March 6, 2009
Cosco Busan pilot in plea deal
John Joseph Cota, who piloted the M/V Cosco Busan when it hit the San Francisco Bay Bridge on Nov. 7, 2007, pleaded guilty today to negligently causing the discharge of approximately 53,000 gallons of oil into San Francisco Bay in violation of the Oil Pollution Act of 1990, according to the U.S. Department of Justice. He also pleaded guilty today to violation of the Migratory Bird Treaty Act for the death of protected migratory birds.
If the plea terms are accepted by U.S. District Court Judge Susan Illston, Cota will be sentenced to serve between two and ten months in prison and be fined between $3,000 to $30,000. The exact sentence will be determined by the court with the government reserving the right to argue for the highest sentence within this range. The plea also requires Cota to serve the maximum one year of supervised release during which he will not serve as a ship pilot or ship Captain (Master). Sentencing has been scheduled for June 19, 2009.
As part of the plea agreement with Cota, the government agreed to dismiss pending false statement charges relating to allegations that Cota failed to disclose his medications on required Coast Guard forms in 2006 and 2007 necessary to maintain his license, and which the court ruled would be tried separately from the case involving the Cosco Busan incident. Cota admits in the plea papers filed today that his 2006 physical exam form failed to disclose some of the medications he was prescribed including Provigil (a medication prescribed to treat sleep apnea), Lorazepam (an anti-anxiety medication that had been prescribed as a sleeping aid), Vicodin (a pain medication), Tylenol 4 (a pain medication), Darvon 65 (a pain medication), Zoloft (an anti-depressant prescribed for an off-brand purpose) and Ambien (a sleeping aid). Regarding the form he signed in 2007, Cota admits that three medications, Vicodin, Zoloft and Tylenol 4 were not disclosed to the Coast Guard. According to the plea papers, while Cota reported taking various other drugs "occasionally" on the 2007 form, he now admits that he "refilled many of these prescriptions regularly."
"Today's guilty plea is a reminder that the Cosco Busan crash was not just an accident, but a criminal act," said John C. Cruden, Acting Assistant Attorney General for the Justice Department's Environment and Natural Resources Division. "This is not a case involving a mere mistake. The lesson here is that environmental stewards, who abandon ship, act negligently and cause major environmental damage will be vigorously prosecuted."
"John Cota was an experienced ship pilot that was handsomely compensated for his special knowledge of ships and expertise in local waters. His failure to act prudently under the circumstances caused a major environmental disaster that could have been far worse," said Joseph Russoniello, U.S. Attorney for the Northern District of California. "This case should sound an alert to those in the maritime industry that safety rules and procedures are meant to be followed, safety equipment is expected to be used, and that those who act otherwise and despoil our natural wonders will be prosecuted to the full extent of the law."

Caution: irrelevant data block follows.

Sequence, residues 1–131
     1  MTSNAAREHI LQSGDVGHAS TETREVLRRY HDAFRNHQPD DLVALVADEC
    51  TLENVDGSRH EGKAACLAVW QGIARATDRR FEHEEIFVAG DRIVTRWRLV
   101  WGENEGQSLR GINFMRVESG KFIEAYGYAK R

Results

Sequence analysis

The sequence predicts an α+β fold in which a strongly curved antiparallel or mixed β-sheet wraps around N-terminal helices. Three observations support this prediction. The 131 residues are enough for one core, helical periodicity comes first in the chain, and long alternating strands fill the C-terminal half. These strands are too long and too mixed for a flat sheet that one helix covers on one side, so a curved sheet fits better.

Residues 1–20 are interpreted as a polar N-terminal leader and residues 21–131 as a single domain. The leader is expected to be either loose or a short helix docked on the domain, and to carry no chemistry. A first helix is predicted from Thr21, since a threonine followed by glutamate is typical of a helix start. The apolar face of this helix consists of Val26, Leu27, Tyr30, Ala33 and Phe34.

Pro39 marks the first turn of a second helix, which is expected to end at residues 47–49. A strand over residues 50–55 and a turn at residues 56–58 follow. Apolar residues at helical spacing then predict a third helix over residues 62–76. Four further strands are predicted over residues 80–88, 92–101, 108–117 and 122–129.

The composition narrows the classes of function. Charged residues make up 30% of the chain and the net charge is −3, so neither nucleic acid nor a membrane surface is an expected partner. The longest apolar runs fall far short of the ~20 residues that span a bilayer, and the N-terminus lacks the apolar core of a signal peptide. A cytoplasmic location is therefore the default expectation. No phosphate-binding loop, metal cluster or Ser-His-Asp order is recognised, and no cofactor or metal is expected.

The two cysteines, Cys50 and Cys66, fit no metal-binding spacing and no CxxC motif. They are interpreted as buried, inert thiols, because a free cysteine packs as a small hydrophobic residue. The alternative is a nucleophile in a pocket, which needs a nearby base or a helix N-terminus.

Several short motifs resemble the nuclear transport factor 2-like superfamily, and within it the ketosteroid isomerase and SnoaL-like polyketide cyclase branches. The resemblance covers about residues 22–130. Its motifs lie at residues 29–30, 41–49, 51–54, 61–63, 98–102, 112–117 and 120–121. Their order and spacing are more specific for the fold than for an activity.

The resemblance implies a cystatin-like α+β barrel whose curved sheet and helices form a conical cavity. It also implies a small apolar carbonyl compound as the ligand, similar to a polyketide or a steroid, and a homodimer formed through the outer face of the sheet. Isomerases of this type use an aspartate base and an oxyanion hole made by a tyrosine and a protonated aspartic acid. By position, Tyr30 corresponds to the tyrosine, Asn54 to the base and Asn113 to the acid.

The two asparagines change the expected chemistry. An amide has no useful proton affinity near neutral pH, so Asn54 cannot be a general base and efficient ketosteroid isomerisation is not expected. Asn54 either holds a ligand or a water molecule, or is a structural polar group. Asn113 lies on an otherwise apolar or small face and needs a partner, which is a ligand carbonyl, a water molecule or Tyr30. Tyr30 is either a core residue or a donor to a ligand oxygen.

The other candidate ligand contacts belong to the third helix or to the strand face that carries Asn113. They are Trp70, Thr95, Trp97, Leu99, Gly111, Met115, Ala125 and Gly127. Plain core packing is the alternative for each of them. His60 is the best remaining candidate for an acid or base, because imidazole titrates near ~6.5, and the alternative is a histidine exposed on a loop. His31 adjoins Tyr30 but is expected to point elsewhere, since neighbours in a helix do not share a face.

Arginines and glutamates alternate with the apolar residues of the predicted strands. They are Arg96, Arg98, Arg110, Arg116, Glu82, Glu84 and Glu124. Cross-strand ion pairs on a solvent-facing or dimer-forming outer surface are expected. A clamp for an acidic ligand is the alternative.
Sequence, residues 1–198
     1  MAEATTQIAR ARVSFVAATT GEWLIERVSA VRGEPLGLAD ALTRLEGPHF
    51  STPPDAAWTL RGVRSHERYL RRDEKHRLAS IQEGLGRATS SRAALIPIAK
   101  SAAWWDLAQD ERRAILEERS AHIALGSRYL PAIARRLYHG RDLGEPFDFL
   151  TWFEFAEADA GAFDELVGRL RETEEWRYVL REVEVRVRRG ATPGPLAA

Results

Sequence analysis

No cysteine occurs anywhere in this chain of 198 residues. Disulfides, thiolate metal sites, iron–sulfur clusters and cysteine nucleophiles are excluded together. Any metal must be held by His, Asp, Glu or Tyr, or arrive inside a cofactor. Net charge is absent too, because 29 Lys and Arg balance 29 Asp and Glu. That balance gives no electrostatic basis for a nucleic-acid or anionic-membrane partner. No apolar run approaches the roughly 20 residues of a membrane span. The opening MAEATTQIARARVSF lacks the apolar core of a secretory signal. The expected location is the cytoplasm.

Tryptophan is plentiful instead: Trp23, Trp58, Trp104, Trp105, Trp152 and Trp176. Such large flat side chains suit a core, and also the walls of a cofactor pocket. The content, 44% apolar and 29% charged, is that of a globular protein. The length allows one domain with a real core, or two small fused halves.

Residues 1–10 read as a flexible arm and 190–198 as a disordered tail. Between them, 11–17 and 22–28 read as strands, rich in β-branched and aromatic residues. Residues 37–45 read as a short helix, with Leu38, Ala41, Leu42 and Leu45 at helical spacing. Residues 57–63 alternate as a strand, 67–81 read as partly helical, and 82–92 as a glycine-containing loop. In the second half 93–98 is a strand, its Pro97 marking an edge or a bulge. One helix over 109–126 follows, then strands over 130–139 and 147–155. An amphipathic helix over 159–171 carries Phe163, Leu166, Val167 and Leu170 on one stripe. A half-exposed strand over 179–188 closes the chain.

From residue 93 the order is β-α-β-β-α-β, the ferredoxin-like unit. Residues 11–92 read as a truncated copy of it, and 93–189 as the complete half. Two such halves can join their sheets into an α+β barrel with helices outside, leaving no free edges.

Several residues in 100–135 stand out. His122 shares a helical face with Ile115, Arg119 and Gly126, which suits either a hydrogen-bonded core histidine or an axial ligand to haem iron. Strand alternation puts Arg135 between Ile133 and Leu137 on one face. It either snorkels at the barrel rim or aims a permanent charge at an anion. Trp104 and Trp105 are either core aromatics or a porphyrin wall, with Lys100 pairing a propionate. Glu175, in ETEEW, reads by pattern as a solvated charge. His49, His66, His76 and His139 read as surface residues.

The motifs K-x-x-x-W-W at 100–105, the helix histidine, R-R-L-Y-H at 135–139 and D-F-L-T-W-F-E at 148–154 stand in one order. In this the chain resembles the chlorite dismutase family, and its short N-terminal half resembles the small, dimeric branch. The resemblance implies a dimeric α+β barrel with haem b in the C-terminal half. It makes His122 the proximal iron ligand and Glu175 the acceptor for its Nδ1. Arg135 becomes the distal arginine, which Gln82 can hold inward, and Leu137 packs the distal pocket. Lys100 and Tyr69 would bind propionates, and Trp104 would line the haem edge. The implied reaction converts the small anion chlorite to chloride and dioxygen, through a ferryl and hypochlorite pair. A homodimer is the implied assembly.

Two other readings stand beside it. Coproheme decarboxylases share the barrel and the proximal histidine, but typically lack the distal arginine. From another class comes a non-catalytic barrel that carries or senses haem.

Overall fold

The Justice Department says that the plea agreement contains factual admissions by Cota including: "I acknowledge that my negligence was a proximate cause of the discharge of approximately 53,000 gallons of heavy fuel oil into San Francisco Bay." During the voyage in less than a half mile of visibility, Cota gave the helm commands that crashed the Cosco Busan into the fendering system at the base of the Delta tower of the San Francisco Bay Bridge.
In the plea agreement, Cota admitted that he:
- Failed to adequately discuss the intended route through San Francisco Bay with the Master or crew as is required;
- Failed to use the ship's radar in the final approach to San Francisco Bay Bridge;
- Failed to recognize two red triangles on the ship's electronic chart system that actually are the buoys marking the Delta bridge tower;
- Failed to verify the meaning of the red triangles by using the ship's paper chart or radar.
- Failed to inform the crew of his method of navigation that he relied on using a particular radar setting; and
- Failed to advise the crew of a radar beacon that marked the center of the Delta-Echo span.
The allision caused a gash measuring approximately 150 feet long by 12 feet high on the port side of the ship, puncturing two of the ship's fuel tanks and damaging the fendering system on the Delta tower of the bridge, and resulting in a significant environmental clean-up. At least 2,000 migratory birds died, including Brown Pelicans, Marbled Murrelets and Western Grebes. The Brown Pelican is a federally endangered species and the Marbled Murrelet is a federally threatened species and an endangered species under California law.
At the hearing today, Judge Illston set trial for the remaining defendant in the case, the ship's manager, Fleet Management Ltd. (Hong Kong), for Sept. 14, 2009.
Fleet is also charged with acting negligently and being a proximate cause of the pollution and killing protected migratory birds. In addition to the environmental crime charges, Fleet is charged with obstructing justice and making false statements by falsifying ship records after the incident.
The investigation is being conducted by the Coast Guard Investigative Service, the EPA Criminal Investigation Division, the Federal Bureau of Investigation, the U.S. Fish and Wildlife Service and the California Department of Fish and Game, Office of Spill Prevention and Response.
The case is being prosecuted by Assistant U.S. Attorneys Jonathan Schmidt, and Stacey Geis, Special Assistant U.S. Attorney Christopher Tribolet of the U.S. Attorney's Office for the Northern District of California and Richard A. Udell, Senior Trial Attorney with the Justice Department's Environmental Crimes Section.